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We all know that screens, whether they be tablets, laptops, phones or computers, can be fantastic aids if doing work from home, cooking a recipe or just to unwind after a busy day. Kids and adults alike love screen time, and whilst some of this time may be necessary for educational purposes, a lot of the time screen time is used during down time, as a way to relax and sometimes a way to keep kids occupied. But is too much screen time at a young age having an impact on speech and language development?

As screens become more prevalent in daily life, researchers have begun to investigate the impact screens have on daily life, development and sleep. Recent studies have suggested that screen time in the first two years of life may be connected to delays in speech and language development.

One study by Chonchaiya and Pruksananonda found that children who began watching TV before 12 months and who watched more than 2 hours of TV per day were six times more likely to have language delays. Whilst a study by Duch et. Al. found that children who watched more than 2 hours of TV per day had increased odds of low communication scores.

In light of these results, amongst others, the Health Department has made the recommendation that kids under the age of 2 should not have any screen time, as it can:

  • Limit time for active play and learning, and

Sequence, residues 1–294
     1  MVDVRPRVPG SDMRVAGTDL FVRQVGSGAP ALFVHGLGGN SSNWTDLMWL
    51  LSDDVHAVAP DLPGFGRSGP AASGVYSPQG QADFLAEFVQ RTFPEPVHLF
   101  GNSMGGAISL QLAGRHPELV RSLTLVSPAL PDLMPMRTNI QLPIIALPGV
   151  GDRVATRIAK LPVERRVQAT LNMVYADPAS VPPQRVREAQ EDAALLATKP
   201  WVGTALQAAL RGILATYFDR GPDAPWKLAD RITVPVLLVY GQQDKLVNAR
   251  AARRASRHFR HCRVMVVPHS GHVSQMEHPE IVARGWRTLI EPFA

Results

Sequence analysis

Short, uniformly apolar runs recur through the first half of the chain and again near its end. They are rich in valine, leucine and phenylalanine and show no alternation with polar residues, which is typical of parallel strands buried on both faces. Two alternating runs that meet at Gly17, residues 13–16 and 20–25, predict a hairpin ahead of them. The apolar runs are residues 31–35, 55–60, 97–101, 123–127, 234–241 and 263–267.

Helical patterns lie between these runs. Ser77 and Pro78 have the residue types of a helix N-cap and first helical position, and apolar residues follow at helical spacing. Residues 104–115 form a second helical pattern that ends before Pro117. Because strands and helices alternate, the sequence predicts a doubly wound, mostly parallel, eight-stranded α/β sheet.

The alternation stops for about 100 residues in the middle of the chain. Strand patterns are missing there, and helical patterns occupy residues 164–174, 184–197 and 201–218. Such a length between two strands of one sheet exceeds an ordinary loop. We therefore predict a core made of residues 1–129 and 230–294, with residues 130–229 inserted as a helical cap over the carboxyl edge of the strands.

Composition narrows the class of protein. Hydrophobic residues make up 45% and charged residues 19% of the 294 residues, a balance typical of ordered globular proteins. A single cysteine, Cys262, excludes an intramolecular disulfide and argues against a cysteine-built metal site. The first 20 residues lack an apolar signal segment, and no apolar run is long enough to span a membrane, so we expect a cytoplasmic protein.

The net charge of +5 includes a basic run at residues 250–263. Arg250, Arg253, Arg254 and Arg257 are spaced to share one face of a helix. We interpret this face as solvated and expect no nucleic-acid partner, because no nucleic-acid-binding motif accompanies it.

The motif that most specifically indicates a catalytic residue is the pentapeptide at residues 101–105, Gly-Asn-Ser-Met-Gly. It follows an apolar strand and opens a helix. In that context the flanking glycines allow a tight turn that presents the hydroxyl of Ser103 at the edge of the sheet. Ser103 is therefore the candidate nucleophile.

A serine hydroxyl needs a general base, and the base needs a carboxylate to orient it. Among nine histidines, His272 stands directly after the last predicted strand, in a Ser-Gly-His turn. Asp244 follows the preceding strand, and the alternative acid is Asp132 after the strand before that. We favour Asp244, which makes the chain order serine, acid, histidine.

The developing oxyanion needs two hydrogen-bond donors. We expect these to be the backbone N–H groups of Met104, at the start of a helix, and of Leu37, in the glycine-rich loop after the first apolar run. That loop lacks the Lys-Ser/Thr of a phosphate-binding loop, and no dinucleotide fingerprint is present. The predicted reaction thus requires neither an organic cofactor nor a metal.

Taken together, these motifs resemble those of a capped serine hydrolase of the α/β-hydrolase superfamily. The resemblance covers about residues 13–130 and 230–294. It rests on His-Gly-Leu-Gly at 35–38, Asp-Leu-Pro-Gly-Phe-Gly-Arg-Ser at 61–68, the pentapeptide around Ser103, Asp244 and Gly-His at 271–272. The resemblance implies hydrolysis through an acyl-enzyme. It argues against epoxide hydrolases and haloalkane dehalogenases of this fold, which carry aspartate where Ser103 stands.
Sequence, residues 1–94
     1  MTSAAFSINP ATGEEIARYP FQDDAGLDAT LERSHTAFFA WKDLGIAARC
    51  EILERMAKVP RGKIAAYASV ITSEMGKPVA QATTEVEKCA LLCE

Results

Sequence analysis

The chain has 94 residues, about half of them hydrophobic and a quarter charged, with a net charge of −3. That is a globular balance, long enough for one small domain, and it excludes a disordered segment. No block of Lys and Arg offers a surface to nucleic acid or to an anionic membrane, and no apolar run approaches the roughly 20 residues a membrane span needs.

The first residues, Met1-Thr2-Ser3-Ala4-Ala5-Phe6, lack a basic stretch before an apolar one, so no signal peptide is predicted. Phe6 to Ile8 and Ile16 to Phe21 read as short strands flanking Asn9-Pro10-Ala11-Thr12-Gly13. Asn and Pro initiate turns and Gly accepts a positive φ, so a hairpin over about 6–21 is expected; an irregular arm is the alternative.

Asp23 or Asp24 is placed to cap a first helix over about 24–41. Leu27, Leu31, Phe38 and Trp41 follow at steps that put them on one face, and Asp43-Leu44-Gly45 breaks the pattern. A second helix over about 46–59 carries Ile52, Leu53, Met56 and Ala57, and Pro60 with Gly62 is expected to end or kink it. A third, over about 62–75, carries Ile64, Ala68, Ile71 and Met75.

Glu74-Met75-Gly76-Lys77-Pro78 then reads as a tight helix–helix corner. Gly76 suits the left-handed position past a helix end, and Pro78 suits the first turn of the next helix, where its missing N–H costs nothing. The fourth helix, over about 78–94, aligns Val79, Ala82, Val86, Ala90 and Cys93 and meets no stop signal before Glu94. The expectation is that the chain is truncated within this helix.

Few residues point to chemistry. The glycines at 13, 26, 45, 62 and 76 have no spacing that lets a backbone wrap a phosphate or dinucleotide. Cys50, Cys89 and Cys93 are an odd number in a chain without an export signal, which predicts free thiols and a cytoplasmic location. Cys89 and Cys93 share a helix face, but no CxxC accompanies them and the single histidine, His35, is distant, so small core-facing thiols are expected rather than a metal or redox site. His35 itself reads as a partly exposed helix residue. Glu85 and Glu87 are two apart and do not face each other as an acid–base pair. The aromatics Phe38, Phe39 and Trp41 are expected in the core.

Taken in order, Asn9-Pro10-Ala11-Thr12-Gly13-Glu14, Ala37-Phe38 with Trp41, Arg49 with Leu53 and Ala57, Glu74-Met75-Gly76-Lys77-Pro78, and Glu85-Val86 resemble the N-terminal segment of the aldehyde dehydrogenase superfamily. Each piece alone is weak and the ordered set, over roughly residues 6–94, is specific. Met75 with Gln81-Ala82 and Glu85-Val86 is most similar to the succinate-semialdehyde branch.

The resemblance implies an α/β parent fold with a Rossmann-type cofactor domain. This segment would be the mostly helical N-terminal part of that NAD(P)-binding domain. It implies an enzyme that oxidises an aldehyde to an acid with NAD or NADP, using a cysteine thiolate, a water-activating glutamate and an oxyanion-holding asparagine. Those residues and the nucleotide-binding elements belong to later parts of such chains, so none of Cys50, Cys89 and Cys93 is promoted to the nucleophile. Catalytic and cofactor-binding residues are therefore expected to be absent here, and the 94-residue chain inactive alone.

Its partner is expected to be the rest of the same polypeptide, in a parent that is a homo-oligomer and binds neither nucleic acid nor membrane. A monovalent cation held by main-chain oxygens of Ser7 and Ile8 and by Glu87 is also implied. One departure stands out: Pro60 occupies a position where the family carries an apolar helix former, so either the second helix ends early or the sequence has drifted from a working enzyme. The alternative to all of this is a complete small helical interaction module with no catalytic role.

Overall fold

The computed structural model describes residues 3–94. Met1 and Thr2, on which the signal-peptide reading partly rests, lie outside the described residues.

• Reduce opportunities for language development, and
  • Reduce the length of time young children can stay focused, and
  • Affect the full range of eye movement.

So what can you do instead? Try some of these ideas as an alternative to screen time:

  • Plenty of time to move, tummy time, crawling, walking and exploring new environments.
  • Relaxing time with books or calming toys
  • Experience new textures with activities such as finger painting and play dough
  • Take a walk, at this age a child’s environment should be stimulating enough, they wont need a screen to enjoy a walk in the pram.

For children aged 2 to 5 years, the Health Department recommends limiting screen time to 1 hour per day, more than this can limit a child’s time for active play and language exposure. Further, this time should be during the day, as screen use during the evening can delay the onset of sleep and result in tired and cranky kids.

Some other alternative screen time ideas to try with 2-5 year olds include:

  • Joining in play, model new ways to play and new language while you play
  • Model big movements to help kids be more active, running and jumping are a great place to start.
  • Show kids how to ride bikes or scooters.
  • Read books to increase language exposure
  • Sing songs and rhymes.

Children love to copy what they see their parents and others around them doing so try modeling the good behaviours you would like to see from them and put down your phone or turn off the TV when you can.

If you have concerns about the amount of time your child spends in front a screen have a chat with your therapist, they can support you with alternative ideas and assist in beginning to reduce your child’s screen time.